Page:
With the emergence of Semyon Varlamov as an elite goaltender, where does this leave the other goalies in the system?
J.S Giguère: At the ripe age of 36, the time has come when Giguère should be considering retirement. The first half and last half of this season have been like night and day. Earlier in the season, he shut out the Pittsburgh Penguins, a team that is currently 5th in the league when it comes to goals-per-game. A solid backup, until recently. He has looked lost in the crease, taken badly timed penalties, and dropped the ball on what are seemingly routine saves. With the acquisition of Reto Berra and an expiring contract, I think fans are in agreement that Giguère will no longer be an Av after this season.
Reto Berra: Picked up at the trade deadline for a hefty price of a 2014 2nd round draft pick, Berra has served as the 3rd string goaltender this season. He made his first start on Wednesday against the Jets. Although he forced the game into overtime, many, including myself, weren’t impressed by his performance. The Swiss goaltender posted a .815 save percentage, only stopping 22 of 27 shots. His new contract presumes leads me to believe he will serve as backup for at least the next 3 years. Considering he was given a contract extension before he even appeared in a game for us, one would assume he is our backup of the future.
Sami Aittokallio: 3rd string goaltender before the acquisition of Berra, Sami has only appeared in 2 games, finishing neither of them. One due to injury, and the other in a losing effort to the Tampa Bay Lightning, allowing 3 goals on 18 shots. He has a high ceiling and most we’re hoping he would back up Varlamov next season. Playing for Lake Erie, he has appeared in 27 games, posting a 2.58 GAA and a .912 save percentage. Sami brings stupendous reflexes and athleticism to the table. Paired with improving fundamentals, he will be a starting goaltender for a team that is not the Colorado Avalanche. I predict he will be traded within the next 2 years, and packaged in with another piece, he could fetch a pretty penny.
Calvin Pickard: Drafted 49th overall in the 2010 entry draft, Pickard is also projected to be a starting goaltender in the future. Highly touted while in the CHL, he became the WHL’s all time leader in saves (7,727). Serving as the starter for Lake Erie, he has earned slightly worse stats in 11 more games played. 2.87 GAA and a .903 save percentage average in 38 games on a below average Lake Erie team. He hasn’t appeared in a game for the Avs, which isn’t a good sign. Pickard is currently #4 on the depth chart for the Colorado Avalanche.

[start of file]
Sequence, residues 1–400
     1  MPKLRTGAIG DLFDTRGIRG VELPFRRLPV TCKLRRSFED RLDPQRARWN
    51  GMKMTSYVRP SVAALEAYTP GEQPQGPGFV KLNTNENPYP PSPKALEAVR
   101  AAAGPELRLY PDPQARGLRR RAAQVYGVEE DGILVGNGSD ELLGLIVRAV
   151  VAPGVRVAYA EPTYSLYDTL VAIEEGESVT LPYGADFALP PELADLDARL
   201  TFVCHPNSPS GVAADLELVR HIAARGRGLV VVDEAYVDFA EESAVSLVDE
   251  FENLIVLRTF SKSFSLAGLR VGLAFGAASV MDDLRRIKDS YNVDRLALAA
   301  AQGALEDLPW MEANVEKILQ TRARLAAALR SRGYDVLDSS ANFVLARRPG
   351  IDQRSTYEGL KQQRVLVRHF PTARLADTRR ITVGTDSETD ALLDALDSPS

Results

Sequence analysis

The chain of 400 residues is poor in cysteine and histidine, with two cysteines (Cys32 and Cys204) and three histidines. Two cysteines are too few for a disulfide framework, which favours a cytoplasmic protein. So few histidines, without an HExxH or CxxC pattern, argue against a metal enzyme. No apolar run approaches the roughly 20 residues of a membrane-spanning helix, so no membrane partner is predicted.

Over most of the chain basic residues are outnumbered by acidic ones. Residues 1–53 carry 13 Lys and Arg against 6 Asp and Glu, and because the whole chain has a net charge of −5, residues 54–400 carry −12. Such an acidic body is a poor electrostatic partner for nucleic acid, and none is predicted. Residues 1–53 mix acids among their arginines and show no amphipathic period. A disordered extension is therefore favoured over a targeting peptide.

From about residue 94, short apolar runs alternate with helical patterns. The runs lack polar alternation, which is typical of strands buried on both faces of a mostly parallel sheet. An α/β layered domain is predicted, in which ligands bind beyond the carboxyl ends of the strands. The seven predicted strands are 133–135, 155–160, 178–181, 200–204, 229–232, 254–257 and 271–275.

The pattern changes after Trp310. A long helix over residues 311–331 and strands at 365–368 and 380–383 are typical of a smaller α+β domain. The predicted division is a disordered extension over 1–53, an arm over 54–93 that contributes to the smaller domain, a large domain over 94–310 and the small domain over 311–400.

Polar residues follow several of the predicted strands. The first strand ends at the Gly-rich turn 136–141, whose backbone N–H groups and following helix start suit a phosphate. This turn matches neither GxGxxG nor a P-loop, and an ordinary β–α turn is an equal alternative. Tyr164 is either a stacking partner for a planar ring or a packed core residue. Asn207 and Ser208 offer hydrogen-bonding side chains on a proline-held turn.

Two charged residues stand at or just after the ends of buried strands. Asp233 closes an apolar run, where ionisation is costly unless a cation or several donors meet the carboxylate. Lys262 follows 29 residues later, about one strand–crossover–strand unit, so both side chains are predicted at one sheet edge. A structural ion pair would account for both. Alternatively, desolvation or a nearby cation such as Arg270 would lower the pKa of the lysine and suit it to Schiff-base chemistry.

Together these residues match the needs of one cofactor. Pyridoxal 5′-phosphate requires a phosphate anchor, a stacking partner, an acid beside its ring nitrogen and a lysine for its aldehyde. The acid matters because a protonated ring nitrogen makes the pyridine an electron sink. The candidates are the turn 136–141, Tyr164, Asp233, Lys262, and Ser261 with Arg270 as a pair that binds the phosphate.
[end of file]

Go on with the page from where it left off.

Spencer Martin: Martin currently netminds for the Mississauga Steelheads of the Ontario Hockey League, he is starting in net for the playoffs. Starting on March 21st, Martin allowed 5 goals in 3 periods. leading to a .868 GAA, in a losing effort. Throughout the regular season, he finished with 64 games played, a 3.54 GAA, and an .899 save percentage on a less-than-elite Steelheads team. He still has a few years in the OHL and will be a nice replacement for Pickard/Aittokallio in Lake Erie.
Kent Patterson: Currently possessing the starting job for the Denver Cutthroats, there isn’t much to say about Patterson. He went 1-1 in a brief stint in Lake Erie recently. A big guy who is positionally sound, but has trouble controlling rebounds is all that has been said for him. He may have a future in the NHL, but it won’t be with the Avs.
Millan Kieran: Kieran is Patterson’s backup for the Cutthroats. After starting 11 games for the minor league affiliate, he boasts a 5-3-2 record, posting a 2.68 GAA and a .921 save percentage. He started for Boston University most of his collegiate career, going 20-14-1 his senior year in 2012. Being buried in the depth chart by superior talent, I doubt he see’s any success at the top level.
The Avalanche have drafted very well in recent years. One of the Avs’ strongest points is it’s netminder depth. Drafting 3 potential starters in Aittokallio, Pickard, and Patterson and having Varlamov earn our trust for years to come, it will be interesting to see how management deals with this situation.